They do have a tendency towards lice, however, so I'd advise a thorough check before they're brought in!

    Hmmmm....I think the Japanese beetles are in for a treat this year! hehehe!
     
  10. ceresone

    ceresone Well-Known Member Supporter

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    I have a very old groundhog that lives at the edge of my garden, contrary to popular opinion, he never bothers anything. his ancestors have been here 40 years.
     
  11. redbudlane

    redbudlane Head Zookeeper

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    Our local library has a hedgehog for a pet. I got him for them while I was working there in the children's department. The kids just love him and so do the adults. I don't think they would be hardy enough to withstand cold winters (maybe they would hibernate?) but may do OK in warmer climates. I know one of his favorites treats is chicken.
     
  12. Spinner

    Spinner Well-Known Member

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    The English hedgehog looks like it is more able to take care of itself in the wild. The African hedgehog looks more like a loveable house pet. Just my opinion, but I don't think the African hog would survive in cold weather. Maybe in the deep south, but what kind of impact might it make on the area if they adapted and started breeding like rabbits? I'm not a tree hugger, but when I see how much damage the Kudzu has done it makes me think of how well mother nature has done for hundreds of years. It only takes one person to introduce an invasive plant or animal that can upset the balance and cause rampant destruction. It's taken half a lifetime for me to learn, but I'm now aware of how delicate the balance of nature is and how much damage is done by well meaning people making small changes that can have devastating results.

    [​IMG] [​IMG]
     
  13. karsan

    karsan Well-Known Member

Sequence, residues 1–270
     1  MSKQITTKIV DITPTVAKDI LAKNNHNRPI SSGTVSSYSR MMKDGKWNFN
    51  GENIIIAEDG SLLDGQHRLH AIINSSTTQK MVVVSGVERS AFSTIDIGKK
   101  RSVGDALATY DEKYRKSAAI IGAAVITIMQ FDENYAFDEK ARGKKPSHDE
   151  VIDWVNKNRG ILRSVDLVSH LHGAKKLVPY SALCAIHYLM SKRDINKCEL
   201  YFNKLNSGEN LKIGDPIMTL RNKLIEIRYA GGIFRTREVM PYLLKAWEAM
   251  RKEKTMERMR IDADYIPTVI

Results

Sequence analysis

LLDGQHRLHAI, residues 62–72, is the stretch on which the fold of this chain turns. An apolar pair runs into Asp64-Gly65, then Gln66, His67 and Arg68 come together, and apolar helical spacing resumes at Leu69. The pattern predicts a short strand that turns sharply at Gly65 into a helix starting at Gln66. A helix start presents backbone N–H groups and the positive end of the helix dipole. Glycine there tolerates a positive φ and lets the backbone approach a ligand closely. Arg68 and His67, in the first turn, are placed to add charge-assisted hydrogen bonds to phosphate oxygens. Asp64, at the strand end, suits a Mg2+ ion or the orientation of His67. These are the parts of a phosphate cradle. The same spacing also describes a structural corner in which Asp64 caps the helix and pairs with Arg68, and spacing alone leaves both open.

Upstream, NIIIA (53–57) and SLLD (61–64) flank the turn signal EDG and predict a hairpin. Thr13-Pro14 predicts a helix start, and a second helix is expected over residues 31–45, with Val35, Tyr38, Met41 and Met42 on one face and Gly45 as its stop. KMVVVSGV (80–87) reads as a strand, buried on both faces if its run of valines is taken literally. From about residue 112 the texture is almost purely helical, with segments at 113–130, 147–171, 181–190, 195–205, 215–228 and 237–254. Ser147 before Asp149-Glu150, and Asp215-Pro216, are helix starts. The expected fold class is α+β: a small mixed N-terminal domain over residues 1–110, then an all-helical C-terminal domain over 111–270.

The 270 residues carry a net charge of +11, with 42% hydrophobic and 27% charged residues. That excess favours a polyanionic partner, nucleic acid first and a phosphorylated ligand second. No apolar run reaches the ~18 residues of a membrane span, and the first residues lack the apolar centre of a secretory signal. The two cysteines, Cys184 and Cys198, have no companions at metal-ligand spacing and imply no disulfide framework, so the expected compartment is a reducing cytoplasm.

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    yes, the English hedgehog, which is the same species we have in Scandinavia, hibernates in winter. I never heard of anybody having them as pets indoors. Quite a number of people put out food for 'their' hedgehog in summer, they can become rather unafraid of people but will not let you pet them. Their defense is to curl up into a ball with spikes in all directions. They usually do not come out until dusk. They have become rather rare, too. Curling up into a ball is not a good defense to automobiles when crossing a country road.

    karsan
     
  14. moonwolf

    moonwolf Well-Known Member

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    Do the pet african hedgehogs eat a lot of insects?
    The fact they won't survive winter is a good thing. Garden pests in winter aren't a problem, so they might work if they eat a log of garden pests as you go out with them as pets with supervision so they won't be open to predators on their own. Do they only eat at night too? That could make it more difficult.
     
  15. Pony

    Pony STILL not Alice Supporter

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    I'm wondering if they only eat ground insects, or if I could build a ladder so they could feast on cucumber beetles... ;)

    Honestly, hedgehogs remind me of that old Monty Python "Dinsdale" sketch, where the giant hedgehog keeps popping out and calling, "DINSDALE!!!"

    Pony!
     
  16. lonelyfarmgirl

    lonelyfarmgirl Well-Known Member Supporter

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    I used to have a pet african hedgehog. we had her for a long time until she died. they are in the pet shops everywhere. I wonder if you could keep them in the garden in the summer, and keep them inside over winter? any thoughts?